Junipers Should Get More Consideration

Old junipers still work like new.

Too much of a good thing eventually gets old. That is how so many of the good junipers that were so popular half a century ago became so unpopular. They became too common, and many were planted into situations that they were not appropriate for. As they matured, many became overgrown or disfigured. Only recently have a few newly introduced modern cultivars restored the appeal of both new and traditional junipers to a generation that is less familiar with their former stigma.

Even though all junipers are evergreen and somewhat similar in regard to foliar texture and their lack of interesting bloom, they demonstrate considerable diversity. Some are low and sprawling ground covers. Others are dense low shrubbery. A few develop as small trees. Branch structure may be densely compact, gracefully arching, rigidly upright, or sculpturally irregular.

Some junipers have yellowish new growth that eventually turns to a more typical deep green. Others are bluish gray throughout. A few rare types are variegated. Almost all junipers have scale-like leaves (like those of cypress). A few have needle-like leaves.

‘Blue Arrow’ and more traditional ‘Skyrocket’ junipers are like short and plump Italian cypress with bluish or gray foliage. ‘Wichita Blue’ juniper is even shorter and plumper, with more sculptural branch structure. However, it is not nearly as irregular and sculptural as the old fashioned ‘Hollywood’ juniper. Modern ‘Gold Star’ and the older ‘Old Gold’ junipers are shrubby types that exhibit arching stems with gold tips.

‘Icee Blue’ is like an improved version of the classic ‘Blue Rug’ juniper, that matures as a shallow bluish ground cover. ‘Blueberry Delight’ juniper is one of the few junipers known for conspicuous fruit, with pretty powdery blue berries against grayish needle-like foliage on trailing stems. ‘Limeglow’ juniper gets a bit deeper, and exhibits chartreuse new growth that turns rich green.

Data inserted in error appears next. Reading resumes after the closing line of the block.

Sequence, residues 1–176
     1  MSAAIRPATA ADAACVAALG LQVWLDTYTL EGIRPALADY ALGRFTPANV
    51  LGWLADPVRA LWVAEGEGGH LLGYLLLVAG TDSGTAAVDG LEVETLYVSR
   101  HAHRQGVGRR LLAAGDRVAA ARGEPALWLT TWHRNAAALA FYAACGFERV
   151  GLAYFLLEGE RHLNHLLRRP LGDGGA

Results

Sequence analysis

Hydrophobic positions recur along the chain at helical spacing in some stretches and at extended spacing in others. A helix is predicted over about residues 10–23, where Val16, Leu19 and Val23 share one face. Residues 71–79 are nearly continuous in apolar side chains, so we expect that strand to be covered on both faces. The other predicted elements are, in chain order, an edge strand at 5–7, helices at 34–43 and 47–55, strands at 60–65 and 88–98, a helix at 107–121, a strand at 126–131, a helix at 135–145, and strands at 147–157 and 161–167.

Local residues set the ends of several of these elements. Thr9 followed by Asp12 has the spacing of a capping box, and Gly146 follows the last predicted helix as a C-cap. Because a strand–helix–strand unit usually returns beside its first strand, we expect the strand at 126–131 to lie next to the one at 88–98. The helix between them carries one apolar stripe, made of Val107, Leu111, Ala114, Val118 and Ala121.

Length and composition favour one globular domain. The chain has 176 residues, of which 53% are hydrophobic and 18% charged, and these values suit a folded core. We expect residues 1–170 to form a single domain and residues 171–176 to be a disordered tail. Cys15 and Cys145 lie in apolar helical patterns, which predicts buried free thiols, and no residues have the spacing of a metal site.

Just because junipers can be shorn certainly does not mean that they should be! Shearing deprives junipers of their naturally appealing texture and form. Instead, junipers should be selectively pruned only where necessary to eliminate growth that is beginning to become obtrusive. Stems should be cut back deeply into the main stems from which they originate, in order to avoid leaving stubs or disfigured stems. Tree junipers like ‘Hollywood’ juniper, as well as overgrown shrubby junipers, can be pruned to expose bare trunks and stems. The gnarly stems and shredding bark can be as appealing as the foliage that obscures them.

Otherwise, once established, junipers do not need much attention or water, and are remarkably resilient. They only rarely get infested with spider mites or scale insects, or get damaged by disease. They only want good sun exposure.

Manzanita

Shrubby manzanitas develop sculptural stems with shiny cinnamon brown bark.

There are more than a hundred specie of Manzanita, Arctostaphylos spp., that range in size and form from creeping ground covers to small trees that can get almost twenty feet tall. (They are more commonly known by their cultivar names than by their specie names.) Arctostaphylos ‘Emerald Carpet’ is as the name implies a nice low groundcover for dry slopes. Arctostaphylos ‘Doctor Hurd’ is a shrubby small tree that is often pruned to expose strikingly sculptural trunks that are as smooth and rich brown as a chestnut.

Abundant trusses of tiny ‘urn’ shaped flowers bloom about now. Almost all are pale white. A few are pale pink. The subsequent red berries typically get eaten by birds before anyone else sees them. The evergreen foliage is quite dense. Individual leaves are rather small and disproportionately thick.

Manzanita should be planted while small, because larger plants are more susceptible to rot. New plants want to be watered to prevent desiccation until they disperse their roots. If planted in autumn, they get enough water from rain through winter (typically), so that they only want occasional watering through the following spring and summer. Once established, they do not want much water at all, and can be damaged by fertilizer. The happiest plants are satisfied with what they get from rain after they get established.

Curve Leaf Yucca

Curve leaf yucca can be variegated.

Some perennials are too easy to grow. Curve leaf yucca, Yucca recurvifolia (or Yucca gloriosa ‘Tristis’), is remarkably resilient. It migrates slowly but surely. If it becomes obtrusive, it is difficult to contain and remove. Removal of foliar rosettes above does nothing to slow the roots below. The roots merely produce new foliage. Of course that can be a distinct advantage for harsh conditions.

The striking foliar form resembles that of other species of Yucca, except that it reliably arches softly downward. Foliage is not as soft as it seems though. Each leaf terminates with a sharp spine. Sharp edges can cause wicked paper cuts. Foliar color is bluish gray. Although, variegated cultivars are increasingly popular. Old plants can develop trunks that slowly grow more than six feet tall.